Travel 101: Smooth Transitions

Quite understandably, many (most?) dogs become very stressed in new situations.  Not only did we take our dog on a 4-day road trip across the country, but we also expect him to keep his cool while we hotel hop for a full month.  Poor guy.

Another day, another hotel bed to cover in hair.

 

Like I’ve already mentioned, Rufus is pretty agreeable as long as I’m around…and food is being served.  However, I also tried to make sure the family morale stayed up and life remained pretty awesome…

Dog-friendly hotels are surprisingly easy to find these days, and we had no issues finding a place to stay in every state we stopped in (Comfort Inns, to my knowledge, are pet-friendly across the country).  When you can help it,  staying on the first floor is ideal when traveling with a dog.  On the first floor, you don’t have to worry about running into as many people or dogs, there’s no need to take an elevator, and taking your dog out to use the bathroom is much more convenient.  Rufus can be weary of strangers, and he has spotty leash reactivity so it was my goal to avoid any embarrassing run-ins.  This went smoothly until we could not get a first floor room at the hotel we stayed at the longest – go figure.

Rufus refusing to go back inside – the poor guy’s glutes were killing him after day 4 on the 5th floor.

So there we were on the fifth floor, having to take the stairs just about every single time we left our room.  Despite the extra exercise, we knew it was important to get Rufus acclimated to a new routine.  He still had his twice-daily (or more) walks, and was fed at the same time every day. His bed came in the hotel room with us, and he seemed comfortable.  Rufus got used to this new schedule quickly, and the rest went fairly well.

The one thing I will say about staying in a hotel with a dog: we ended up taking him with us everywhere  for fear that a cleaning person would come into the room unannounced and Rufus might act out.  While I honestly don’t believe Rufus would ever hurt anyone, I wasn’t willing to take that chance.  Of course you know your dog, so you will know what he/she is comfortable with and how much they may bark when you’re not around. Dog-parental discretion is advised.

On top of keeping him on a schedule, I would say the best thing you can do is to keep things exciting.

Using his camouflage techniques on Antelope Island.

Make exploring your new neighborhood(s) a fun experience!  Praise your dog’s happiness and try your hardest to discourage anxiety when entering a new place.  Go as slowly as possible, and make sure to have treats on you at all times.  Rufus was quite excitable at the larger parks we explored, but it was mostly due to all the new smells.  He never seemed stressed until we took him around large crowds…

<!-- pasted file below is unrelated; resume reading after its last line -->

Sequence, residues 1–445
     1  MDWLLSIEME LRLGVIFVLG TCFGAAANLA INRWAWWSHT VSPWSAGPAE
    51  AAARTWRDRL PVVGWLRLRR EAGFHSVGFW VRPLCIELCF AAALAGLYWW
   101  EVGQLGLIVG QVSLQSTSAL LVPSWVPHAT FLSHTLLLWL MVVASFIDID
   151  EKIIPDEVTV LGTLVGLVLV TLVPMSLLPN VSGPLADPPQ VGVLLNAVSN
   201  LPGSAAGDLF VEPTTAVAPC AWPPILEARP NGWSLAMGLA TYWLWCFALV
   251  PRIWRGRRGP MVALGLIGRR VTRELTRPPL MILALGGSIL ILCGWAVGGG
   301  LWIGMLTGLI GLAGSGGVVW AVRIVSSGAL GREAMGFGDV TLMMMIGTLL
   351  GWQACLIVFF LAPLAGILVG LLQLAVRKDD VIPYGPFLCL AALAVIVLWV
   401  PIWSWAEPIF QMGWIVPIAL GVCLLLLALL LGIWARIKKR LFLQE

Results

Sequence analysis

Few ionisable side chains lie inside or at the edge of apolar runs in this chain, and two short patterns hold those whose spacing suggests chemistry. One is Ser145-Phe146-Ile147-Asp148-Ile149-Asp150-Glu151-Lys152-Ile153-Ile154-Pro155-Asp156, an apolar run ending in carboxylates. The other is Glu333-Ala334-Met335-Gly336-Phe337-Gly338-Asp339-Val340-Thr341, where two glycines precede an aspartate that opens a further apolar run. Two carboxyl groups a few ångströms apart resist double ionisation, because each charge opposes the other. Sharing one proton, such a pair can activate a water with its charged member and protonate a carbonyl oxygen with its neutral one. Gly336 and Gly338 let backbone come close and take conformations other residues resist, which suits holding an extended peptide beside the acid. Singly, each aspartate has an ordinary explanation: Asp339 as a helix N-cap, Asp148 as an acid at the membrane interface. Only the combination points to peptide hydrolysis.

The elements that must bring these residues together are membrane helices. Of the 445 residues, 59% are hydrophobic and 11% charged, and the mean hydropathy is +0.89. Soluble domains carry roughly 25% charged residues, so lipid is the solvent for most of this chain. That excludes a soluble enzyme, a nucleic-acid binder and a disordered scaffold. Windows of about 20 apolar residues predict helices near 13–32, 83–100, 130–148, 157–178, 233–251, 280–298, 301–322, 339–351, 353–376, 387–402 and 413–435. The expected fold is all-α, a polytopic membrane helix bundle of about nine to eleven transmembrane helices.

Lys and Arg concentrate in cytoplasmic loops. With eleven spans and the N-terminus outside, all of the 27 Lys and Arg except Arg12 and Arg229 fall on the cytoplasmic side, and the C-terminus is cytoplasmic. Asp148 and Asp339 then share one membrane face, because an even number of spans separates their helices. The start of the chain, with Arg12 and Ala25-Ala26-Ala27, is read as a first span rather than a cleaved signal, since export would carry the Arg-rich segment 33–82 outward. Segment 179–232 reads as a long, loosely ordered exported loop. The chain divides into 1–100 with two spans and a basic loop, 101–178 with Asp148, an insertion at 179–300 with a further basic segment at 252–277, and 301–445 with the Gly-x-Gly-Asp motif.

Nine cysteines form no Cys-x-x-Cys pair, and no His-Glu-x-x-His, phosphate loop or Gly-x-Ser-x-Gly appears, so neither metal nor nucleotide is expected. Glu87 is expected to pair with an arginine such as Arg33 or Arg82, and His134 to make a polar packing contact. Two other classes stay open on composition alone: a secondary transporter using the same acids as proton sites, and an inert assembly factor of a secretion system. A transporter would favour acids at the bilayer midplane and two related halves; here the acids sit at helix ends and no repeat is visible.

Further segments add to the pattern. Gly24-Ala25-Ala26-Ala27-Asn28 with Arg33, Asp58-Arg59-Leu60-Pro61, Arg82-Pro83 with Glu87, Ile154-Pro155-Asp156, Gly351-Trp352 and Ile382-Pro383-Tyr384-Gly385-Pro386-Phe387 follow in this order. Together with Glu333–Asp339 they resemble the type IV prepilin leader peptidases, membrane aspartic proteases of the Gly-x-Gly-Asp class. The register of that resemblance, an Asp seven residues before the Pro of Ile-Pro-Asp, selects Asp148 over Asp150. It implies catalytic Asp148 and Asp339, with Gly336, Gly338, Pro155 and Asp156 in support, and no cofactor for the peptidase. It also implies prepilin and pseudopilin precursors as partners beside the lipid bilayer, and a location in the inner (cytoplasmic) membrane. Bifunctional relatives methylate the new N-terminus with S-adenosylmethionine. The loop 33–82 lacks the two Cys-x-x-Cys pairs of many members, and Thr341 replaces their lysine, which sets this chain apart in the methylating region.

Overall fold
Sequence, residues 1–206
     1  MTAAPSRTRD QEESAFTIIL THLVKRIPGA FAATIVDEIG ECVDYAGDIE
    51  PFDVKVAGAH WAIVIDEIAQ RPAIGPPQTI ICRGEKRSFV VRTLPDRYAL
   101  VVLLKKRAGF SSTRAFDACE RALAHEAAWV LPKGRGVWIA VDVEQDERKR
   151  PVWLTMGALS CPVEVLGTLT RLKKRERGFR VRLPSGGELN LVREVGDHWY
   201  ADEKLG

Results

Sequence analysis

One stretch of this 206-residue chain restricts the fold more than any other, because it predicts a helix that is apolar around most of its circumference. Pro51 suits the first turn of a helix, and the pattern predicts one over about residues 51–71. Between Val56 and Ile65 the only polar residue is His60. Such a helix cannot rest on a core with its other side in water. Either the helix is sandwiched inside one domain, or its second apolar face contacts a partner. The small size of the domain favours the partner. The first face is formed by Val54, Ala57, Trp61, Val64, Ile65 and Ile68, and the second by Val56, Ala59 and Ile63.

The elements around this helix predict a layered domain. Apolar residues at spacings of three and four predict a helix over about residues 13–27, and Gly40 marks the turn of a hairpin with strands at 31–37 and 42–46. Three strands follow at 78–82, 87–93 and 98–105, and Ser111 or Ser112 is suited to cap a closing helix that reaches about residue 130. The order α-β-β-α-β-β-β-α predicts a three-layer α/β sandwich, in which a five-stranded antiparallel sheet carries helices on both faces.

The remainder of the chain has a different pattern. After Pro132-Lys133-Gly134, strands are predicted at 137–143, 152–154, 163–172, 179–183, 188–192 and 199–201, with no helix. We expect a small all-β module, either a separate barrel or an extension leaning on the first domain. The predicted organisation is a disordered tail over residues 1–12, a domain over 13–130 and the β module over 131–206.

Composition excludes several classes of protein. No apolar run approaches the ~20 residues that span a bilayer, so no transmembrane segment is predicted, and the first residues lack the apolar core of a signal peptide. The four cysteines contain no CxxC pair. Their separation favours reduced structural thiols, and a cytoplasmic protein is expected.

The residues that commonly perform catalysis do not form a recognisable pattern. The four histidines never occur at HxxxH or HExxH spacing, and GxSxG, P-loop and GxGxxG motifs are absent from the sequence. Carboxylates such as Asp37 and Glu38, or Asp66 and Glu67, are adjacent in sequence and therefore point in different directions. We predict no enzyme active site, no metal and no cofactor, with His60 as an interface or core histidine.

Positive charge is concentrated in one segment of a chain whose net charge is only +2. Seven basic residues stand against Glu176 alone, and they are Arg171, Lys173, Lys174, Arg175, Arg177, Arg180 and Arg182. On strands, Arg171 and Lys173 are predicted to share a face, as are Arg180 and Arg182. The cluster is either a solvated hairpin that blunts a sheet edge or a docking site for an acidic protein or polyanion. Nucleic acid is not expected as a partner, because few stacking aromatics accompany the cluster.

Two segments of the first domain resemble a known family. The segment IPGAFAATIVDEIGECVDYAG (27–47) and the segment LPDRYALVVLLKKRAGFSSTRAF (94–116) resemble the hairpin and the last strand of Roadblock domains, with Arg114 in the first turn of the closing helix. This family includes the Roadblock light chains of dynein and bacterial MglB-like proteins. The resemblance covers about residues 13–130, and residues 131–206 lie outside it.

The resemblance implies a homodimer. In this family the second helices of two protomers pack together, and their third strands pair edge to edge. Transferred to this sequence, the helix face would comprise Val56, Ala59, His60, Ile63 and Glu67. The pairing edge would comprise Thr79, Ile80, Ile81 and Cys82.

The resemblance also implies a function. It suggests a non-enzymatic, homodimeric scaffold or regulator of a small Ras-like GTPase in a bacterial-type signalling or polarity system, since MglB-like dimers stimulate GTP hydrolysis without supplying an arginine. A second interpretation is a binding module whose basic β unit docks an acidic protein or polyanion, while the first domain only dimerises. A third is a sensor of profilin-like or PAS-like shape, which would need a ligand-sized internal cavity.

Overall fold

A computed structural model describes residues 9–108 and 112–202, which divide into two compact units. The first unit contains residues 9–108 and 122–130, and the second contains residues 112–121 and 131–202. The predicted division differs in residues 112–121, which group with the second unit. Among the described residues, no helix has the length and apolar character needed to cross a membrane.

The biggest challenge for us has been getting Rufus acclimated to city living.  Rufus is in his element at various parks and new, quiet neighborhoods.  However, taking him into Portland has been challenging.  People are everywhere, and dogs (often unleashed) are around every corner.  I always stock up on treats and we practice “watch me”  and “with me” much more often now, especially when we are without so many distractions so that he understands what I’m asking of him when he’s more overwhelmed.  He seems to be doing better, but I can still tell the bustling city will take some time for him to feel 100% comfortable in.  And that’s totally ok.

Family dining in Portland. Rufus gets 100x more table scraps in the city – it keeps him calm and happy.

 

We have five more days in our temporary apartment, and then we will finally start the slow process of settling into our new home.  I feel fairly confident that Rufus is over all of this change, and I am so very ready to start nesting – it’s what I do.  In our new place, we face even more challenges – but we will cross that bridge when it comes.

The best tip I can give is to make sure you have a tired and content pooch at the end of the day.  Simply put: if your dog is well exercised and mentally stimulated daily, he is not going to have the energy to care where he’s sleeping or what’s going on around him – he’s just going to zonk the heck out.

This second part was a bit more general, but I just wanted to share my own experience as I am not a professional behaviorist or dog trainer.  

In short:

-Make your dog comfortable by reminding them of home : familiar toys, smells and comforting items work wonders.

-Keep your dog happy by playing familiar games in new situations, treating them for good and happy behavior, and staying positive yourself!  Remember: our dogs feed off of our energy.

-Despite your new and hectic situation, make sure to continue to exercise your dog as if nothing has changed.  Keeping them stimulated will put both of you at ease.  A tired dog is a happy dog.

Note to self: the side tongue means you’re doing everything right.

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9 thoughts on “Travel 101: Smooth Transitions

  1. I love the family photo! I can’t wait to travel with our dogs one day, we take them on lots of mini road trips, but haven’t taken them on a vacation yet.

  2. Rufus is such a beautiful boy! I am so glad I found your blog as it’s full of lots love happy dog pictures mixed with some great advice.
    When it comes to changes, I think routine can be so important to keep a dog from freaking out. Even when we go camping, something fun, I try to keep our dog’s routine as familiar as possible. Meaning we walk at the same time and she gets her meals at the same time. I think a dog’s memory is more associative and so if you can keep the associations the same so your dog knows what is happening next, you can help them adapt a lot easier.

    It sounds like things have been pretty exciting for your family recently. I hope you get settled in soon!

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